Convulsions (idiopathic)

"Convulsions (idiopathic)" References in the ICD-10-CM Index to Diseases and Injuries

References in the ICD-10-CM Index to Diseases and Injuries applicable to the clinical term "convulsions (idiopathic)"

  • Convulsions (idiopathic) - See Also: Seizure(s); - R56.9 Unspecified convulsions
    • apoplectiform (cerebral ischemia) - I67.82 Cerebral ischemia
    • dissociative - F44.5 Conversion disorder with seizures or convulsions
    • epileptic - See: Epilepsy;
    • epileptiform, epileptoid - See: Seizure, epileptiform;
    • ether (anesthetic) - See: Table of Drugs and Chemicals, by drug;
    • febrile - R56.00 Simple febrile convulsions
      • complex - R56.01 Complex febrile convulsions
        • with status epilepticus - G40.901 Epilepsy, unspecified, not intractable, with status epilepticus
      • simple - R56.00 Simple febrile convulsions
      • with status epilepticus - G40.901 Epilepsy, unspecified, not intractable, with status epilepticus
    • hysterical - F44.5 Conversion disorder with seizures or convulsions
    • infantile - P90 Convulsions of newborn
      • epilepsy - See: Epilepsy;
    • jacksonian - See: Epilepsy, localization-related, symptomatic, with simple partial seizures;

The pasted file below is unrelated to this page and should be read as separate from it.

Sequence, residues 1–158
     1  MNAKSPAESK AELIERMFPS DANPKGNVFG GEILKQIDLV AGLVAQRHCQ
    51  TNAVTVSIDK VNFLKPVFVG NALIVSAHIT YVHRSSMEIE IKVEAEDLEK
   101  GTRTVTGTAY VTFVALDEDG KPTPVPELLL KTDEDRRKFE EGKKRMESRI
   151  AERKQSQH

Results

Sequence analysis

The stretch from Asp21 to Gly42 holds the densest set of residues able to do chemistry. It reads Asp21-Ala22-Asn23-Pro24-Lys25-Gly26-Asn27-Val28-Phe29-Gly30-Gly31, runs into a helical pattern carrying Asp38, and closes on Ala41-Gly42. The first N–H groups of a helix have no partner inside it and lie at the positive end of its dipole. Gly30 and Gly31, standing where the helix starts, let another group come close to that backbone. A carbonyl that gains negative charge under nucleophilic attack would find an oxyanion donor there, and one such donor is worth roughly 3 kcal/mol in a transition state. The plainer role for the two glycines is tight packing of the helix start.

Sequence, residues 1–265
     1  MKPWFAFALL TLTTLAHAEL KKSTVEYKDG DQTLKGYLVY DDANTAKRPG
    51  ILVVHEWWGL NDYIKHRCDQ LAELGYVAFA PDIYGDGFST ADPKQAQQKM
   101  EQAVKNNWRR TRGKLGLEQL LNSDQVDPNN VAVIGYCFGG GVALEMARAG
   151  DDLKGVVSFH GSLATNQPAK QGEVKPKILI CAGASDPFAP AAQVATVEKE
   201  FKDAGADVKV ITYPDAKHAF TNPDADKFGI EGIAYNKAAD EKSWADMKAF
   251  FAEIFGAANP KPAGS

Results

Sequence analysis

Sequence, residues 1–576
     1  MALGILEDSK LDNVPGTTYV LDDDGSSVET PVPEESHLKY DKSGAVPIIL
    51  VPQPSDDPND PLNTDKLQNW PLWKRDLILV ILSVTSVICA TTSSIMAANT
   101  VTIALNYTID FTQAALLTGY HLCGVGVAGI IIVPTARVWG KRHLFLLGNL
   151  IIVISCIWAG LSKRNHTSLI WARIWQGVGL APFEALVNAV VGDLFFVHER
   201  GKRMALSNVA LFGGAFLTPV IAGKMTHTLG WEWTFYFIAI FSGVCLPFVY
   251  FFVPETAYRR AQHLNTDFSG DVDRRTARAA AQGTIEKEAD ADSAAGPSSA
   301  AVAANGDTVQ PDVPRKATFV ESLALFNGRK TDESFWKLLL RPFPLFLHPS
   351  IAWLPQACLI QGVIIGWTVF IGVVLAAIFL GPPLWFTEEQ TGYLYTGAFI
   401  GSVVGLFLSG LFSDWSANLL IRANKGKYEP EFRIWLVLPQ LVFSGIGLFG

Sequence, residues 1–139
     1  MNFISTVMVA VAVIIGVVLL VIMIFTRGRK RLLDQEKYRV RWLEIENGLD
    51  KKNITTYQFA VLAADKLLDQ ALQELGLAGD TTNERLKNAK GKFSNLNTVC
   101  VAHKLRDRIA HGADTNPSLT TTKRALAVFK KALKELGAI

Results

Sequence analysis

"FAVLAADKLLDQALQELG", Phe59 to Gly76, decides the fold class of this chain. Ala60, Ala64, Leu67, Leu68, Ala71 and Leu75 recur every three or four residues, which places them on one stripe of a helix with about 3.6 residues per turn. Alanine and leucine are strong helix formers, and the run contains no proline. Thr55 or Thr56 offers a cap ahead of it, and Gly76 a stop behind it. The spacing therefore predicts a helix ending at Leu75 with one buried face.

• myoclonic - G25.3 Myoclonus
    • newborn - P90 Convulsions of newborn
    • obstetrical (nephritic) (uremic) - See: Eclampsia;
    • paretic - A52.17 General paresis
    • post traumatic - R56.1 Post traumatic seizures
    • psychomotor - See: Epilepsy, localization-related, symptomatic, with complex partial seizures;
    • recurrent - R56.9 Unspecified convulsions
    • reflex - R25.8 Other abnormal involuntary movements
    • scarlatinal - A38.8 Scarlet fever with other complications
    • tetanus, tetanic - See: Tetanus;
    • thymic - E32.8 Other diseases of thymus

Applicable Clinical Terms Definitions

Epilepsy: A disorder characterized by recurrent episodes of paroxysmal brain dysfunction due to a sudden, disorderly, and excessive neuronal discharge. Epilepsy classification systems are generally based upon: (1) clinical features of the seizure episodes (e.g., motor seizure), (2) etiology (e.g., post-traumatic), (3) anatomic site of seizure origin (e.g., frontal lobe seizure), (4) tendency to spread to other structures in the brain, and (5) temporal patterns (e.g., nocturnal epilepsy). (From Adams et al., Principles of Neurology, 6th ed, p313)

Infant, Newborn: An infant during the first 28 days after birth.

Reflex: An involuntary movement or exercise of function in a part, excited in response to a stimulus applied to the periphery and transmitted to the brain or spinal cord.